'Dear Life' flits between wider societal examinations of attitudes towards death, medical perspectives on treating the elderly and Hitchcock’s anecdotes from the field, caring for her patients and occasionally going beyond the call of duty by following up with the frail and lonely once they have left her workplace. These vivid vignettes are among the essay’s standout moments, particularly the case of Fred, an 84-year-old man who arrived in Hitchcock’s hospital soon after the death of his wife and dog, utterly miserable, essentially requesting euthanasia. Through her kind words, her persistence and optimism, the doctor turned her patient around; two weeks after his discharge, he sounded exuberant on the phone, having taken a retired show dog into his care under the proviso that it would be returned to the breeder should anything happen to Fred.
Hitchcock’s doubt, pain and empathy are all on display throughout 'Dear Life'. One gets the impression that the author has an impeccable bedside manner and that she is just the type of physician you’d wish to care for you at any stage of your life, but especially near the end, where the gap between palliative care and a few extra years of life can be as small as a written instruction by a rushed, dismissive doctor who sees all treatment of the elderly as inherently futile.
Yet Hitchcock is not prescriptive in this text. She acknowledges the essay does not offer simple solutions. “My chief aim,’’ she writes, “is to strike a note of caution and to make explicit something that often remains unsaid and yet can be heard quite clearly: that the elderly are burdensome, bankrupting, non-productive. That old age is not worth living.” This duality of opposing professional views — empathy and despair for the plight of the aged — is the essay’s central driving force, and it is not wrestled with lightly. Towards the end, Hitchcock writes:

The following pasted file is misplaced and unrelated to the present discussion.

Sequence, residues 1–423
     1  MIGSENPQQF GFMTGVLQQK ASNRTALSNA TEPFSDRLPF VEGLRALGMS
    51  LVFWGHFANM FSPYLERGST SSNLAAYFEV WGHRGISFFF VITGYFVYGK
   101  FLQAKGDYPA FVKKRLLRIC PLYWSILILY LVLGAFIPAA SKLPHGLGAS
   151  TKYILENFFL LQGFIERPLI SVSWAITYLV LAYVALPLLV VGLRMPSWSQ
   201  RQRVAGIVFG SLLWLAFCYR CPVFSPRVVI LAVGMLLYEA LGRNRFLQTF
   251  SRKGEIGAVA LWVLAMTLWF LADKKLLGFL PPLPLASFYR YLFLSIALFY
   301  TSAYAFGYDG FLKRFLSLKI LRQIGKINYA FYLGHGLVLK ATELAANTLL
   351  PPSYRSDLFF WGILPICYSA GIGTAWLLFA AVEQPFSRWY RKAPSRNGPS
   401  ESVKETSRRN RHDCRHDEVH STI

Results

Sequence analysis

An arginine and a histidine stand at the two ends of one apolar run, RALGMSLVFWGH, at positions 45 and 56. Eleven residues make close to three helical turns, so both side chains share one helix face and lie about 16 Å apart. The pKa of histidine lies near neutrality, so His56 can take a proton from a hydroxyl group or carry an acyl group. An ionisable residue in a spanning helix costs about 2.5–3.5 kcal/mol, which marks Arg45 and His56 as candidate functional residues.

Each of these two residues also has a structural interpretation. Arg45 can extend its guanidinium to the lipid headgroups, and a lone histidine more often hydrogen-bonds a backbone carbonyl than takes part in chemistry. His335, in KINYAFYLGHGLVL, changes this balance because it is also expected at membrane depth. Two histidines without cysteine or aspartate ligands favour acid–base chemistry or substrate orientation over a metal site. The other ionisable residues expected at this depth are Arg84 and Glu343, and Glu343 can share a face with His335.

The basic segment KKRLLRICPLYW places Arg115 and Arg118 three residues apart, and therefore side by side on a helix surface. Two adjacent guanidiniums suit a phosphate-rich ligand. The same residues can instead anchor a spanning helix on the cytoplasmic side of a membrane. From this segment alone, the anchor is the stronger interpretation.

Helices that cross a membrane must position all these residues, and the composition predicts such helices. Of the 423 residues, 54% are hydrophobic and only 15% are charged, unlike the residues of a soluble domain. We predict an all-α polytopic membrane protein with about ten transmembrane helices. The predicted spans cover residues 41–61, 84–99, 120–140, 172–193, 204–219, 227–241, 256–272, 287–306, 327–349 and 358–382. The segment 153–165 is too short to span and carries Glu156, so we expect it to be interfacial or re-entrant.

"The young rule the world; we stomp around doling out mean rations to the old, the machinery of our secure, quiet bodies purring to us the myth that we will be young forever. And, one by one, my patients retreat to small nursing-home rooms and then slip away. Soon they will all be gone. And then it will be your turn and mine to sit in cells and drink the weak tea they hand out at eleven and two, hoarding biscuits in our fridges. Not dead, yet."
In 'Dear Life', Hitchcock has laid out her most important work to date in the type of clear, rational, respectful prose that the topic demands. As much as our natural instinct may be to avert our gaze from death, to push it from our minds at every opportunity, this essay is inspirational and aspirational in its scope. It is highly recommended to all those who hold life dear, and especially to those whose professional lives are devoted to helping us through illness and death with dignity.
(This review was originally published in The Weekend Australian on 21 March 2015: http://www.theaustralian.com.au/arts/books/karen-hitchcocks-dream-delivering-dignity-in-the-face-of-death/story-e6frg8nf-1227269557188)
Hitchcock tackles problems, options and outcomes at a personal level, through the lives and experiences of patients and health care professionals. She traverses the terrain between love, empathy and pragmatism deftly but without an ounce of dismissal. A friend said that everyone must read this essay, alas I fear many will not because of the unease the topic generates. They will be the poorer. Hitchcock’s essay is a brief (70 pages, contrary to the blurb), balanced and profoundly caring treatment of this topic and I am indebted to her for her insights.